Tuesday, 24 July 2018

In other news ...

I've been quiet on this blog recently - here's why.

Yesterday saw the publication of a paper which I authored for the These Islands forum (which I co-founded and chair), which responds to the SNP's Growth Commission in what I think can fairly be described as forensic detail.  You can read the full report here


It offers a very carefully constructed, respectful but thorough analysis of the Growth Commission's output. On this blog I took care to respond to specific Growth Commission claims, recommendations and analyses as these were revealed - the paper offers a more considered view.

If the angry swarm of cybernats on Twitter would do the same, they'd avoid making the rather embarrassing mistake of attacking the paper as the ramblings of a "dog food salesman" - it has not only passed review by the These Islands advisory council but has been explicitly endorsed by highly respected economists.


The Growth Commission (and SNP leader Nicola Sturgeon who commissioned it) asked for their report to form the starting point of a debate. My paper is intended to contribute to that debate and at least the media response has been encouraging, with pretty much wall-to-wall coverage in Scottish print media:


I also appeared on BBC Radio Scotland's Good Morning Scotland [listen from 1:48:30 here] to (frustratingly briefly) discuss the paper.  Unbeknownst to me, SNP MP Kirsty Blackman was allowed an unchallenged reply and I was given no chance to rebut her claims. For the record: she shouldn't really be dismissing analysis endorsed by the people above as "nonsense" and her claims about pensions and HS2 costs were just  a re-run of tired and discredited arguments beloved of GERS-deniers. If she's right about Scotland subsidising UK pensions in the GERS figures (she isn't) then it's really weird that the Growth Commission didn't pick this up during its two year gestation period (they didn't, because it isn't so).

It looks likely that Ms Blackman agreed to appear on condition of responding to me but not debating. This is a presumption on my part, but if I'm right it suggests a rather strange approach to "opening up debate".

I also had a piece published for the New Statesman (which was their "most popular" the day it was published) - I encourage people interested in the nature of political debate in Scotland to read it.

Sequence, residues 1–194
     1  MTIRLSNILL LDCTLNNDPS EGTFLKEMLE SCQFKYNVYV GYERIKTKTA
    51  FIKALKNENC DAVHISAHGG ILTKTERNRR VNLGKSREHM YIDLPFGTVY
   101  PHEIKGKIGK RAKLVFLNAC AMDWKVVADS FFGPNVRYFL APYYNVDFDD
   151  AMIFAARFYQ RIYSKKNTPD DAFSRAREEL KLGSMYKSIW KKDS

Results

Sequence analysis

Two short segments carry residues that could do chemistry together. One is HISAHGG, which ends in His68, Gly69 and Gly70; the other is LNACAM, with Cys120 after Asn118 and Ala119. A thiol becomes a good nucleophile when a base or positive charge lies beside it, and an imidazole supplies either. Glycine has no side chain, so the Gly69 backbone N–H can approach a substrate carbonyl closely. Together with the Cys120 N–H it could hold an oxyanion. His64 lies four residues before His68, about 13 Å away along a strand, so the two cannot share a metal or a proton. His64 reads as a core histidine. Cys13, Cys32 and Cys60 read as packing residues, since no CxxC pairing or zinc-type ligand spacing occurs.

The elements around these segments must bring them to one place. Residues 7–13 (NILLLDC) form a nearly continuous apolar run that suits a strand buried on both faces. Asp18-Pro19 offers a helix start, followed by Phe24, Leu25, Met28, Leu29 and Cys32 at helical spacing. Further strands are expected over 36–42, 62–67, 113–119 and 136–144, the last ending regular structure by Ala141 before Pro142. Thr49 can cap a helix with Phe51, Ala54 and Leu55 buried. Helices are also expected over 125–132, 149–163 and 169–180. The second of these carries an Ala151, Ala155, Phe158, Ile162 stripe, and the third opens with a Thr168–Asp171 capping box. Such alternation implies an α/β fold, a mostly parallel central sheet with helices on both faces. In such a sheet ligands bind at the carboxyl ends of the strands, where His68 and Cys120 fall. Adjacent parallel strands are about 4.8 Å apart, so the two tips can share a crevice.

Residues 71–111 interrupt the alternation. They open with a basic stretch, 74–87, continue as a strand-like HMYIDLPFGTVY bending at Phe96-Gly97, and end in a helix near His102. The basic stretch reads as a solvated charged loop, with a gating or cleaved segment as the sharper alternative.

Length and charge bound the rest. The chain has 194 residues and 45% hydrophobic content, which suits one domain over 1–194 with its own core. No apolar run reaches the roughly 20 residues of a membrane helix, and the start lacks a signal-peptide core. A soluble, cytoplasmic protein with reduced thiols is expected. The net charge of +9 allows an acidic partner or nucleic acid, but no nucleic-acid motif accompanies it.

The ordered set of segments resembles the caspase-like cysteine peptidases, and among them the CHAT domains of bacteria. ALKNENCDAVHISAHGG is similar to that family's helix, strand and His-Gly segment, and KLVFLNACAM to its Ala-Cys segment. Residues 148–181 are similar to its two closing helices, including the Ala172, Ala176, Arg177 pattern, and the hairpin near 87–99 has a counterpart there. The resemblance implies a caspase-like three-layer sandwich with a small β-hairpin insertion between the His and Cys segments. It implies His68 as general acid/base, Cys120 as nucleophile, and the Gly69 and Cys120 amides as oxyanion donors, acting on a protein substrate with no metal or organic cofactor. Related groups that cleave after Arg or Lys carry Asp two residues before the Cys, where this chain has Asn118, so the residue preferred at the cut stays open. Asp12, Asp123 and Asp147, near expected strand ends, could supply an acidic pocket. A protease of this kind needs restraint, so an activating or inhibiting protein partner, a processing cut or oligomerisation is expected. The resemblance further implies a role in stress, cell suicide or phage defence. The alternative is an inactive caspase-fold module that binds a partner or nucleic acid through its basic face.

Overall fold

As well as the widespread coverage in the Daily papers, there have been a number of significant online pieces - here's just a selection:
  • "having commended Andrew Wilson two months ago for a serious-minded and valuable contribution to debating Scotland's future, I'll do the same for Kevin Hague." - Douglas Fraser for BBC Scotland
  • "the most detailed response to the Growth Commission report to date" - Business Insider
  • "These Islands published a paper that forensically dissects the SNP's Sustainable Growth Commission Report and its "optimistic" assessment of the prospects for the Scottish economy under independence" - reaction.life
The social media reaction to all of this has been predictably depressing, with an onslaught of personal attacks against me from people who clearly haven't even glanced at let alone read the paper or its endorsements (just google "dog food salesman" if you fancy a laugh).

Zoomers are gonna zoom, but a couple of more high profile reactions are worth highlighting.

This from SNP MP Peter Grant is - well - "interesting"

This from SNP MSP James Dornan - responding to the cybernat in chief - is in a similar vein



And then there's this is from Growth Commission member Iain Docherty who - having incoherently attempted to criticise our "analytical frame" - confessed to having not actually bothered to read the report before passing judgement



What a time to be alive.



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